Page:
Jury Out on Kitzhaber Performance

Jack Roberts in a column last week gave Governor Kitzhaber credit for keeping two of his campaign promises – strengthening education and transforming health care. However, it is too early to call health care transformation a success. The work is just starting and faces a major hurdle of achieving significant cost reductions, which legislators counted on to balance the budget over the next two years.

On education, Kitzhaber pushed through legislation giving him the reins over education from pre-school through graduate school, but that authority doesn't come fully into effect until the current elected superintendent of education fills out her term.

Governor Kitzhaber meets with SEIU members after union leaders approved a new contract with the state.Roberts criticized Kitzhaber for failing to curb state employee costs, even though the largest public union in Oregon just ratified a new contract requiring state employees for the first time to pay a portion of their health insurance.

Health Care

Kitzhaber asked the legislature to create "Continuing Care Organizations (CCOs)," local entities spread across the state that would take responsibility for organizing and providing health care services to Oregon's low-income citizens who are eligible for Medicaid. Lawmakers complied, but said they would review specific CCO formation issues in their February legislative session. So, no CCOs have been formed yet and many major health care organizations are taking a wait-and-see attitude about whether to lead, participate or pass on the CCO business.

The governor has appointed more than 130 advisors who are working on reports for the February 2012 legislative session, including one on "global budgeting."  Some observers suggest global budgeting may just be a new synonym for "capitation," which marked the failure of the Health Maintenance Organization (HMO) movement several years ago when HMOs were supposed to manage budgets and, in the process, turn down coverage requests. Whatever the perception, global budgeting is a serious issue because it means that the yet-to-be-formed CCOs must bear the risk of the services they organize and provide for the low income population.

And, what's more, the 2011-13 legislatively approved budget for the Oregon Health Authority requires that the new CCOs save $240 million in the second year of the biennium, a tall order, one many say simply cannot be achieved.


Under Senate Bill 909, approved by the 2011 legislature, an "Education Investment Board" will be created to oversee and control all of education, from kindergarten through graduate school. Some observers wonders if the normal fiefdoms in education will still prevail no matter what Kitzhaber wants from his transformation proposals.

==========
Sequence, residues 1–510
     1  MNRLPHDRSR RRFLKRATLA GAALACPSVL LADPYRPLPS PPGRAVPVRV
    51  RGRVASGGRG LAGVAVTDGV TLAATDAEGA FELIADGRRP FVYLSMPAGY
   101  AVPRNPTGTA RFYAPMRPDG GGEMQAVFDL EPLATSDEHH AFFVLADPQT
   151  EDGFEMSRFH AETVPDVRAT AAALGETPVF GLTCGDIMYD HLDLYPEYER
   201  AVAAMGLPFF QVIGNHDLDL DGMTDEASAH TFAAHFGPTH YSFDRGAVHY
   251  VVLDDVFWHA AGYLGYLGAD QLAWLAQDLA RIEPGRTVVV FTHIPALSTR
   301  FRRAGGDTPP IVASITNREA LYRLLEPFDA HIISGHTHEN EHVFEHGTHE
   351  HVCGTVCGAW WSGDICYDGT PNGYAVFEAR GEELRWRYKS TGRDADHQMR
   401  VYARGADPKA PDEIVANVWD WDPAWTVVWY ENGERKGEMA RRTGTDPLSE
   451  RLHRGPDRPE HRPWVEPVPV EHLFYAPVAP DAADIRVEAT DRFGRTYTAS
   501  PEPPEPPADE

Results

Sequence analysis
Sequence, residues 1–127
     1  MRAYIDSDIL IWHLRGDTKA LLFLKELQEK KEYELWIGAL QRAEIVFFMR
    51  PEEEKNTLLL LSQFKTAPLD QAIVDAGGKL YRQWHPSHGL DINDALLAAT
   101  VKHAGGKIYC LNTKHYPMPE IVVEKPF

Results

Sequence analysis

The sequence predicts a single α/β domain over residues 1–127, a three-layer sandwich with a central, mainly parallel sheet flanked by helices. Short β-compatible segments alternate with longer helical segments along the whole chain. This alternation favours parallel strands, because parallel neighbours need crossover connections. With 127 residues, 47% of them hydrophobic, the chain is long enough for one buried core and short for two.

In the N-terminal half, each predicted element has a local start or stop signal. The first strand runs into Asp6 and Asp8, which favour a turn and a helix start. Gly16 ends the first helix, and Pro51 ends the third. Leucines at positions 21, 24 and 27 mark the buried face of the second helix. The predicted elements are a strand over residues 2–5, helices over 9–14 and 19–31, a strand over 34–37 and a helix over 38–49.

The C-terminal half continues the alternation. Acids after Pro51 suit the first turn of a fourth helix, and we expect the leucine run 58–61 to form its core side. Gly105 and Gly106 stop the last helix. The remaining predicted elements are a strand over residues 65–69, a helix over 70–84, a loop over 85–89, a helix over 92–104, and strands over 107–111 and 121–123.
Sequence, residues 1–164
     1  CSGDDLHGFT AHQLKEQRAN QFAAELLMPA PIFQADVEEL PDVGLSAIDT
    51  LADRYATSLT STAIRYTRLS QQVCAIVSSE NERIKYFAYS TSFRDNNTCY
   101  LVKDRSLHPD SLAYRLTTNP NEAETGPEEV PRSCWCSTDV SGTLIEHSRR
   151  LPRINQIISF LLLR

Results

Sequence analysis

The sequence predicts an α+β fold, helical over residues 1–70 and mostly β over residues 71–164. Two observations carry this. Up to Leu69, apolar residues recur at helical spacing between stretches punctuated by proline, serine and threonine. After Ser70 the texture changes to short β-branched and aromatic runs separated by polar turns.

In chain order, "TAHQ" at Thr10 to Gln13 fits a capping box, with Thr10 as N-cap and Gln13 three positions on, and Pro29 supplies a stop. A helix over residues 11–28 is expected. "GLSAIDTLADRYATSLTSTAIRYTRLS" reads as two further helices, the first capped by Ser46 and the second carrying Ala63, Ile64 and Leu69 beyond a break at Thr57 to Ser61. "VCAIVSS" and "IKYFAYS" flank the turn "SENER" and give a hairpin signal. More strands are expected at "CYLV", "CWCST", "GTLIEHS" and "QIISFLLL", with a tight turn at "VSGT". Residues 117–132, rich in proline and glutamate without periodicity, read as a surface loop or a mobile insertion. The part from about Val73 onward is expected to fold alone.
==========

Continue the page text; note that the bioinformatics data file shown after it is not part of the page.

This was illustrated last week when the Oregon Education Association weighed in with what Roberts called a "tantrum" by issuing failing grades to many legislators, including many Democrats who have been long-time OEA allies.

Part of the Kitzhaber effort also calls for changing the way early childhood programs are delivered in this state and that, too, is marked by wholesale changes, including the likely demise of the Children and Families Commission.

State Employee Compensation

Here, it is possible to disagree with Roberts who said Kitzhaber had not done much. He did win concessions from major state employee unions, including a decision last week by rank-and-file members of SEIU to accept a new contract that, among other things, calls for them to begin paying part of their health insurance bills each month. Members of AFSCME also have agreed to that approach.

Health care cost sharing stands as a major victory for Kitzhaber, who was in the difficult position held by all Democratic governors – having to preside over collective bargaining negotiations with their supporters in the public employee union movement. Some Republicans often wonder if Democratic governors are capable of negotiating hard-nosed agreements with those who have supported their candidacies.  Kitzhaber's performance shows it is possible.

Overall, it is probably too early to produce a jury verdict on the governor's early months in office. Transforming state government will take time.  Many employees tend to react to new gubernatorial initiatives by saying "this, too, will pass" – and they often are right.  

This time, the governor has set the stage by laying the foundation for change in health care, education and state employee issues.  Now, he is on the hook to produce the promised changes.


The writer, CFM partner Dave Fiskum, worked for the last Republican governor, Vic Atiyeh, has served under other governors and has been a lobbyist at the Capitol for more than 20 years, including for major health care organizations.